There’s been a controversy surrounding Steve McCurry, a photographer I have listened to on the edge of a conversation a couple of times courtesy of Kodak who were always great sponsors and put his ‘Afghan Girl’ on display at photokina 2012 where McCurry’s work was celebrated.
Here’s the story – he’s been changing, or allowing his retouchers and agents to change, the material content of some shots. This has included the removal of people, changes to their clothing, tidying up messy objects and distractions. First, this is not something new and great photojournalists never saw harm in burning in or dodging back areas of a print to make something disappear into a shadow or burn out to white. It was OK to use bleach on prints if needed to remove blemishes, including things which damaged the shot. It was even OK to use tints or pencil to enhance outlines so that newspaper reproduction didn’t lose the subject in a grey mush.
That’s the current controversy.
Well, here are some examples from my archives. One dates from 1969 and back when the first prints were made from this, with publication in The Guardian and various magazines, I used pencil and bleach to try to ensure the faces at the centre of the group were properly defined from the wall behind them. This was a very mild treatment and not very successful.
Here’s a not-totally straight print. Some detailed dodging and burning was done in the darkroom to try to get the definition needed between the blonde girl’s face and the wall. It was this lack of definition which meant it was never a real winner, though it did well enough in competitions. It was also taken on outdated Perutz film using a very cheap manual Hanimex lens – I was only 17 and could not afford anything more!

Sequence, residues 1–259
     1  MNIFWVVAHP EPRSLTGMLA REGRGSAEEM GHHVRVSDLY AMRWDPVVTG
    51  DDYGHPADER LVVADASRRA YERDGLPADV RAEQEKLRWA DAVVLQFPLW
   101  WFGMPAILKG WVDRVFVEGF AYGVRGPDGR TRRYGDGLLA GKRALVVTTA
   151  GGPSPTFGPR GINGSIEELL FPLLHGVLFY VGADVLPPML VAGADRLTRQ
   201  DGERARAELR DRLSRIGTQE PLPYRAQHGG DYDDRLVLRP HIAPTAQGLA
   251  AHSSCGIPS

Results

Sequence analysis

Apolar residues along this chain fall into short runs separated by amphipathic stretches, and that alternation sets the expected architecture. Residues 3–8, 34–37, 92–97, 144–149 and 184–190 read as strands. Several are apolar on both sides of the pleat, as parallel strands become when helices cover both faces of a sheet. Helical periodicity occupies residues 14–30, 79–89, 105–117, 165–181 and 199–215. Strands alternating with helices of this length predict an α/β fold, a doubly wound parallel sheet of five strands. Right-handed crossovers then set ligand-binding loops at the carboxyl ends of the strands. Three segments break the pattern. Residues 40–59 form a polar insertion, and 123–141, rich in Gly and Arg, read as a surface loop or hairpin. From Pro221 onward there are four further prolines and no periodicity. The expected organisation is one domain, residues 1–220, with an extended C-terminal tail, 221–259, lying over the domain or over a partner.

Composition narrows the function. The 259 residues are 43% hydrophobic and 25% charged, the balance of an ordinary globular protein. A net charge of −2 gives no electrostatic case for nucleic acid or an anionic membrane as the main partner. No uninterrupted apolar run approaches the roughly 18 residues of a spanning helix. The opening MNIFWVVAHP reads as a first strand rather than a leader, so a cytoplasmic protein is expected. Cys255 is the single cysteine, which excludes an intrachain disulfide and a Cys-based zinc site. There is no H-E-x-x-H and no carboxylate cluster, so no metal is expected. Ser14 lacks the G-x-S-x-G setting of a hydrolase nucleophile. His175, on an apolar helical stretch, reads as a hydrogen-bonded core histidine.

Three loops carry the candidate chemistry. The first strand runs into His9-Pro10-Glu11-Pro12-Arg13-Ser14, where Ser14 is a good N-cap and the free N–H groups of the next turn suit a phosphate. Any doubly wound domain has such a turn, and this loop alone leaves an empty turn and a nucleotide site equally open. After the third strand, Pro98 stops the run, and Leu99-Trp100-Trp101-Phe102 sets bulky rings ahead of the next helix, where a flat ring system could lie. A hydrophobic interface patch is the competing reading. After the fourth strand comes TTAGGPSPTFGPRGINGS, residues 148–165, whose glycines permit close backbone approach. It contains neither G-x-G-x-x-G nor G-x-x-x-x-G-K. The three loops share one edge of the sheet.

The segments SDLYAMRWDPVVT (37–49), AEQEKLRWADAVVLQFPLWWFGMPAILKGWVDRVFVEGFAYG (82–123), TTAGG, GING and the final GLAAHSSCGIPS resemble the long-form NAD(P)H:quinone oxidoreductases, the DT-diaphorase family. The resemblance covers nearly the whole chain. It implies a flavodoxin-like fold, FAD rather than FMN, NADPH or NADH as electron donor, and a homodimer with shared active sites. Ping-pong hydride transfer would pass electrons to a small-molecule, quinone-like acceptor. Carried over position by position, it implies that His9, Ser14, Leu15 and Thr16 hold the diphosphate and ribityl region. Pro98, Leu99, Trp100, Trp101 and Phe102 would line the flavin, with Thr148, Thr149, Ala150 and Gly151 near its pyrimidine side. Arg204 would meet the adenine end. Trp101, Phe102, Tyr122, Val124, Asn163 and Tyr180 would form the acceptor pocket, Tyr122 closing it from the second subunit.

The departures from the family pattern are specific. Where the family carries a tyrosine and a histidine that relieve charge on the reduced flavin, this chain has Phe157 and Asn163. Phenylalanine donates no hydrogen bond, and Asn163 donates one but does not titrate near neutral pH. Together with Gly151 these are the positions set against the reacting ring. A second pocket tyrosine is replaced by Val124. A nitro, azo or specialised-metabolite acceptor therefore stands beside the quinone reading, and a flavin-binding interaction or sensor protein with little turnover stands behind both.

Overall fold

Once scanned, the print could be retouched digitally, Photoshop giving much more accurate control of burning-in the tone of the wall behind the girls. This is the result – it’s not a huge change. and I do not think anyone would suggest it falsifies the image.
Moving on, here’s another group of children – three kids in the timed-burst water play fountain at Alnwick Castle Garden. It’s a picture I was very pleased to catch, the best of three frames with the children at the best critical moment for action and composition. But in the darkroom I would certainly have burned in the people in the background to reduce their distracting highlights.
One of the principles of making a picture which works is to reduce it to a simple form. Extra faces always distract (we are drawn to look at faces regardless of composition). So, for this image, I retouched our the entire background scene. This would not be allowed by many competition, awards and some news or general media.
Since I offer both images as licensable stock, with the retouched version clearly identified as retouched, I don’t feel there is any wrongdoing here.
The next example is less controversial because it has no people at all. Wires interfere with the view of Hollows Tower, the old stronghold of the reiver Johnny Armstrong in the debateable lands as you pass from Scotland into England.
It’s not a massive task to remove the pole and wire mess. It falsifies the state of the scene, but only from a viewpoint which is not typical – most tourists see the tower as they drive past, from many angles.
I have not removed all the poles!
Finally, another example of where the infrastructure spoils the scene. In Holetown, Barbados, local ladies tend to dress up well to do the shopping and tend to stop to chat in the street. Even so, it’s a matter of framing and shooting quickly to catch a neat moment before they move on or something else gets in the way. And the wiring on the wall really does spoil the shot.
The retouching here was more complex. Is it a crime, or a routine part of modern photography?
My work is generally used by travel guides, or in articles and books relating to people and places, travel and everyday life. The meter on the wall clearly documents the real place. The retouched image is an imaginary place. However it’s not been removed because it was an ugly meter. It’s removed because it spoiled a shot which I liked.
You can make your own judgments on Steve McCurry or his retouchers. Did they alter the pictures because they were really spoiled by the way they were? I feel I would have been happy with the unretouched image in most cases or used less obvious major changes.
– David Kilpatrick